• by mollymoo (202721) on Tuesday January 30, 2007 @09:01AM (#17812864) Journal

    Who is he speaking for? The whole Linux kernel community? I didn't think it worked that way. Even Linus is as much a cat herder as a boss, once you get beyond a few core people. The population of kernel developers who can be ordered (the difference between "might get a driver" and "will get a driver") to write drivers for obscure hardware they have no interest in must surely be fairly small. Who's actually in on this? Are there a few hundred kernel devs who've agreed to work on whatever they are assigned? I'm worried that this will backfire when they can't actually find anybody who wants to write the driver for a engraving machine that sells 400 units per year and has a particularly baroque interface. I don't expect there will be a problem for WiFi, TV or video cards, but there's a whole lot of hardware out there and not all of it is interesting.

    Those are some pretty big promises he's making. I'm wondering what's there to back them up.

  • by RAMMS+EIN (578166) on Tuesday January 30, 2007 @09:03AM (#17812892) Homepage Journal
    Or how about standardizing hardware interfaces? I've been saying this for years, and usually people have told me it's an unrealistic expectation, but it happens in some places. For example, USB devices often comply to some USB device class, for which there is one driver that can drive all compliant devices.
  • Re:How many (Score:5, Interesting)

    by gjuk (940514) on Tuesday January 30, 2007 @09:11AM (#17812974)
    The key driver (pardon the pun) will not be how many extra widgets they sell but the the strategic importance to most companies of reducing reliance upon Microsoft's hegemony. If you are a widget developer, you do not want to be in the position of most, dancing to the unrestricted tune of Microsoft. You need some collective force to help push back on Microsoft when necessary, or to demonstrate the worth of new ideas which Microsoft may not have picked up on. Having a competitor to Microsoft (even quite a small one) is a massively powerful force in this.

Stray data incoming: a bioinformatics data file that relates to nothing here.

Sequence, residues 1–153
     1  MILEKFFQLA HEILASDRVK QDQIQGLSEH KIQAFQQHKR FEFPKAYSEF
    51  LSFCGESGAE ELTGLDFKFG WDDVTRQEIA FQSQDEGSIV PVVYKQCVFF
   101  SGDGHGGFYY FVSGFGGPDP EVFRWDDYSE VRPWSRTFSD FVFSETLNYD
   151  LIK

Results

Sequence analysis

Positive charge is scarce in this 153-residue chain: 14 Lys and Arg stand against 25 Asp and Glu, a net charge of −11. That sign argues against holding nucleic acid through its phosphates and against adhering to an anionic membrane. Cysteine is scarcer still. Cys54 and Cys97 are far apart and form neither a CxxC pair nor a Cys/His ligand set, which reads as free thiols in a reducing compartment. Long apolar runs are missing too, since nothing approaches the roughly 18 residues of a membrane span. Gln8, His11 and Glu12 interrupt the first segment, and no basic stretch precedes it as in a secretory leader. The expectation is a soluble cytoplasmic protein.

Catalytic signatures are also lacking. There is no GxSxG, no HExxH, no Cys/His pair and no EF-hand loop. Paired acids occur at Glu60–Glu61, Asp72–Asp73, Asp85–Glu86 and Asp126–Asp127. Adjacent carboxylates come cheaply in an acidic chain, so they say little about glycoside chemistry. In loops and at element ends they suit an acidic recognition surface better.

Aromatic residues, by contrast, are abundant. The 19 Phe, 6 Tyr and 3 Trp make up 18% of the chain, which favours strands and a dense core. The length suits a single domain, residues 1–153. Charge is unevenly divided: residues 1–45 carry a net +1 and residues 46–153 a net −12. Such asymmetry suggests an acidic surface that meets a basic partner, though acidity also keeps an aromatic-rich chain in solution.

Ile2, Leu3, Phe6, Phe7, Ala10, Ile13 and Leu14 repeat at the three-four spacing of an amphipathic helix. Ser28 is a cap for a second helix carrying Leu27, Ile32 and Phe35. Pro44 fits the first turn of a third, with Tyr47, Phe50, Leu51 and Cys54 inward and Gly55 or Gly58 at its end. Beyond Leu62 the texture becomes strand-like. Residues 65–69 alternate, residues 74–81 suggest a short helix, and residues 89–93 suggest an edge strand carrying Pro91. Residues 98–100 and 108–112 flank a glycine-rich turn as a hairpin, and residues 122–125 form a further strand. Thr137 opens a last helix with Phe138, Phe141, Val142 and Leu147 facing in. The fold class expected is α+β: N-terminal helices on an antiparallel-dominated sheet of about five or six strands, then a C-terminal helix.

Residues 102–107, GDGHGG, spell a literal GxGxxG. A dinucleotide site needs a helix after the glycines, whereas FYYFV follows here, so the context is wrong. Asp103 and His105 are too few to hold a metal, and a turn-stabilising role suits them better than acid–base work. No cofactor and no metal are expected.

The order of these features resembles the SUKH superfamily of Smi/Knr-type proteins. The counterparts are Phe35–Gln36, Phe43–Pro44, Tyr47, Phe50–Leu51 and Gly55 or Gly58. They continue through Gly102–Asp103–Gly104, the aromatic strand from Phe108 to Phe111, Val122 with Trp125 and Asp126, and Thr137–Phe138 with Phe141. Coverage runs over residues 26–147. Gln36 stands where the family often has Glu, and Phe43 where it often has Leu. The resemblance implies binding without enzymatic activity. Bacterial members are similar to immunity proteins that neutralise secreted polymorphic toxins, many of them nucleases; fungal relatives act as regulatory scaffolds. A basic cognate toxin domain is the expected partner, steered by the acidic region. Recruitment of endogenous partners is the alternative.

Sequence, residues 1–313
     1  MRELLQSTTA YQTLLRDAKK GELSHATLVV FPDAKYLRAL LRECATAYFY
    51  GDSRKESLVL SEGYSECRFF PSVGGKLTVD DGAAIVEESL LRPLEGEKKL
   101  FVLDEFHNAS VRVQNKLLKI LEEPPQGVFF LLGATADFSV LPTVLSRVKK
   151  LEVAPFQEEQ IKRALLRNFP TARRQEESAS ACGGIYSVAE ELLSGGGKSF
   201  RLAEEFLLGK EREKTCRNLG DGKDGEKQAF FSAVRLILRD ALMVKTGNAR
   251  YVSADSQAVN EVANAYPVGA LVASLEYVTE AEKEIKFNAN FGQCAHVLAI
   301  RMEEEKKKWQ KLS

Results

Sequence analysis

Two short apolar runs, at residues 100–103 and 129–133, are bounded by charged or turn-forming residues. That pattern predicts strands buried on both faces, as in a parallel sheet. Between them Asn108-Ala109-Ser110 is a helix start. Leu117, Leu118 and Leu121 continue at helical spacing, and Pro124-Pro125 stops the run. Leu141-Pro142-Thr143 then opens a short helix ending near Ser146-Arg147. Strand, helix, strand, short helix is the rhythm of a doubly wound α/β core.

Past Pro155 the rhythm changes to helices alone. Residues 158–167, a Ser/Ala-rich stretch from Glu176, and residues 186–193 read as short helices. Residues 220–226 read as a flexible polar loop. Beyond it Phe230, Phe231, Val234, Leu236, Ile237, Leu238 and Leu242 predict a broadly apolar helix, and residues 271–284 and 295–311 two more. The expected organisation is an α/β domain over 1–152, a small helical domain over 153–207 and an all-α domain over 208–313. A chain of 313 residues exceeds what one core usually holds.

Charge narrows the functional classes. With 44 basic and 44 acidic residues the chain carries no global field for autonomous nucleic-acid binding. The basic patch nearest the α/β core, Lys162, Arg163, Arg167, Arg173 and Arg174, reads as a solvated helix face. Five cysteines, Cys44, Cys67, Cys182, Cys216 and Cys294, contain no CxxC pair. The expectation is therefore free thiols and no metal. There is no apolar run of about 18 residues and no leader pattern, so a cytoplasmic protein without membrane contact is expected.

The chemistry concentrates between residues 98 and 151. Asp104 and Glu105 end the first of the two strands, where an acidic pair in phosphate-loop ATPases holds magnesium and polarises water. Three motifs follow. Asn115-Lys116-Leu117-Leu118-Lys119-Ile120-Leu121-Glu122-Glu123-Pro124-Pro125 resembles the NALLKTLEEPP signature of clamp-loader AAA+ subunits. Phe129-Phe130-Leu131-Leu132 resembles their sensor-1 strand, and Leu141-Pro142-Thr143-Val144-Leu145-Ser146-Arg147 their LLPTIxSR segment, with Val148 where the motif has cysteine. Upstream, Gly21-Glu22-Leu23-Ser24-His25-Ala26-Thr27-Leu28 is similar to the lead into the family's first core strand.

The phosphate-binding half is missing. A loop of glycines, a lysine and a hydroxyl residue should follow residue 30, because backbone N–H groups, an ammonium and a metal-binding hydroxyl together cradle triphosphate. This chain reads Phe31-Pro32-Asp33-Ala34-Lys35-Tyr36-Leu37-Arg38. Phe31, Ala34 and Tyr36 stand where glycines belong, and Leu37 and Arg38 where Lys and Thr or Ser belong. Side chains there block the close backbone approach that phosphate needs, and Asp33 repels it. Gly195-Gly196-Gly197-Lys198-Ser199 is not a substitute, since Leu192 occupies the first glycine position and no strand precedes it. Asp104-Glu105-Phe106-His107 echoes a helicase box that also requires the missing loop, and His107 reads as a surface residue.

• by Svartalf (2997) on Tuesday January 30, 2007 @09:14AM (#17813018) Homepage
    You'll need a big cluebat to get a lot of these companies to wise up. The real reason that they don't give out programming interface information is because they're listening to a lot of IP Lawyers that tell them they have to keep everything secret or it might affect future patentability of future devices (YES, I've seen that A LOT lately, doing Linux driver consulting for some of the crowd willing to do proprietary driver work...), etc.

    It's a mixture of worries about revealing possible Patent infringements, trying to slavishly follow the lawyer's advice, and a confusion as to what business they are precisely in (Software versus hardware- a lot of companies, because of the advice of their IP lawyers are confused as to what they should be doing...).
  • by Svartalf (2997) on Tuesday January 30, 2007 @09:24AM (#17813118) Homepage
    Some of it's Microsoft's doing, yes. But it's a lot more complicated than that.

    "Show me the money"
    "We have to protect our IP"

    Those two statements I get told QUITE often in relation to my driver consulting work I currently do.

    Both are varying degrees of wrong- and where the trick lies is in convincing the company in question that it's wrong to hold that position in the first place. Both are very difficult to shift because they're usually NOT fact based positions to begin with.
  • Re:Wonderful (Score:2, Interesting)

    by SlashMaster (62630) on Tuesday January 30, 2007 @09:28AM (#17813164)
    Scanner support on Linux has been the one thing that I've found to be elusive.

    This past summer, I called a few of the major scanner companies such as Visioneer, Mustek, and I believe one or two others asking if anyone marketed a scanner that had linux drivers ( I wasn't asking about scanning software as I was planning to use the GIMP ).